The ins and outs of trunk injection

I am serving on a Ph.D. committee for a student working in Entomology and Plant Pathology who is defending his dissertation tomorrow morning. I’m taking a break from trying to plow through the longest dissertation in history: A 465 page tome on the use of trunk injection in tree fruit crops. A lot to wade through but a fascinating topic. Trunk injection, of course, is not a new topic. Some of the earliest references to injecting compounds into trees date back to Leonardo daVinci, who also suggested the ‘pipe model’ theory of tree architecture; the notion that total cross-sectional area of a tree is constant as you move up to higher and higher levels of branching.

daVinci's notes on branch architecture
daVinci’s notes on branch architecture

Trunk injection can be useful in lots of applications. We have done some research in my lab on the use of trunk-injected imidacloprid for treating ash trees for emerald ash borer. The compound is highly effective against the beetle but using C-14 radio-labeled imidacloprid we were able to demonstrate the flow up the trunk of ash trees can be ‘sectored’, potentially resulting in ‘hot’ and ‘cold’ spots in the crown where the adult beetles feed on leaves.

Injecting 14C-labeled imidacloprid into ash trees.
Injecting 14C-labeled imidacloprid into ash trees.

On the MSU campus our arborists have been successfully using trunk-injected fungicide applications to protect our remaining elm trees from Dutch elm disease (DED). Prior to the arrival of DED the MSU campus had about 3,000 elm trees; today we have less than 300. Under the current program the trees are treated with propiconazole in a three-year rotation; 100 trees each year. We still lose a tree or two each year but the program is largely effective.
Elm trees used to be a dominant feature of the MSU campus, now they are specimens.
Elm trees used to be a dominant feature of the MSU campus, now they are specimens.

One application of trunk injection of which I am dubious is for treatment of nutrient deficiencies. It’s not that trunk injection is not effective for this purpose; in fact, it is often highly effective. The problem is treating nutrient deficiencies with trunk injection just treats the symptom rather than the underlying cause. Here in the Midwest a common scenario is iron chlorosis in pin oaks. The fundamental problem is that alkaline soil conditions limit iron uptake. The solution? First, right tree – right place. Don’t plant pin oak if you have alkaline soils. Second, if it’s an existing tree, work on lowering the pH with sulfur or ammonium sulfate. Remember, trees have evolved or God designed them – take your pick – to take up nutrients through their roots. Dealing with that end of the equation is the best solution in the long run.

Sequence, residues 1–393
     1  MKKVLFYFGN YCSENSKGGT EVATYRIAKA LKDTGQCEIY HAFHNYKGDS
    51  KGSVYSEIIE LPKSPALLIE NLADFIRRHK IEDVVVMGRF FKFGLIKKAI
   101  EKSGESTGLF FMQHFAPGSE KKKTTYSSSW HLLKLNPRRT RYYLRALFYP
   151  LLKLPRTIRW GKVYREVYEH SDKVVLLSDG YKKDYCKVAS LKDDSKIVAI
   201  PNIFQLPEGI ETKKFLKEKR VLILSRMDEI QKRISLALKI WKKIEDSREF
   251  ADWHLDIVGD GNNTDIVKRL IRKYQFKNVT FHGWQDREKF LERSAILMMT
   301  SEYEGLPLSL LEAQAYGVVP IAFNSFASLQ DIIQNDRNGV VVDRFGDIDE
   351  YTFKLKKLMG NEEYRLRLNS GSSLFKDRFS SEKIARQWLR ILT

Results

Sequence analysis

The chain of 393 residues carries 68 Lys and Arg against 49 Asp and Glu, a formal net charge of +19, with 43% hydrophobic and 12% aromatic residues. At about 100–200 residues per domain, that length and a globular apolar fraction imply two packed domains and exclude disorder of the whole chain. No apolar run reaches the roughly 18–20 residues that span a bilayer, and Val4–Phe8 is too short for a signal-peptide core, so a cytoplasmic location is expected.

Trunk injection can be used to treat iron chorosis but can sometimes cause more problems.  Injection of ferric ammonium sulfate burned leaves on this tree.
Trunk injection can be used to treat iron chorosis but can sometimes cause more problems. Injection of ferric ammonium sulfate burned leaves on this tree.

4 thoughts on “The ins and outs of trunk injection

  1. “Remember, trees have evolved or God designed them – take your pick – . . . ”

    Why, why, why open the door to this on a blog with the explicit mission of promoting science-based gardening?

    Why?!

    I love this blog, please don’t compromise your credibility, even if the comment was meant to be read with a wink.

  2. Dan N.
    That’s a line I use whenever I discuss fertilizer trunk injection or foliar feeding in my talks for landscapers, nursery growers, and Christmas tree growers – many of whom are conservative Christians. The line usually gets the laugh intended but also emphasizes the notion that – no matter how you look at the world – roots are the preferred method of getting nutrients into a tree.

  3. Have you tried the Medi-Ject method ? It utilizes iron sulphate, which has a lower solubility than FAC. There is less burn because of the solubility . Longevity is usually 5 years or longer. It can be injected May until November.

    1. Or, better still, take a soil pH test first and don’t plant pin oaks if you have alkaline soils. Regardless of the method or the iron formulation, trunk injections treat symptoms not the underlying cause. Reducing pH through sulfur applications is another option but is slow and also transitory and needs to be repeated every few year.

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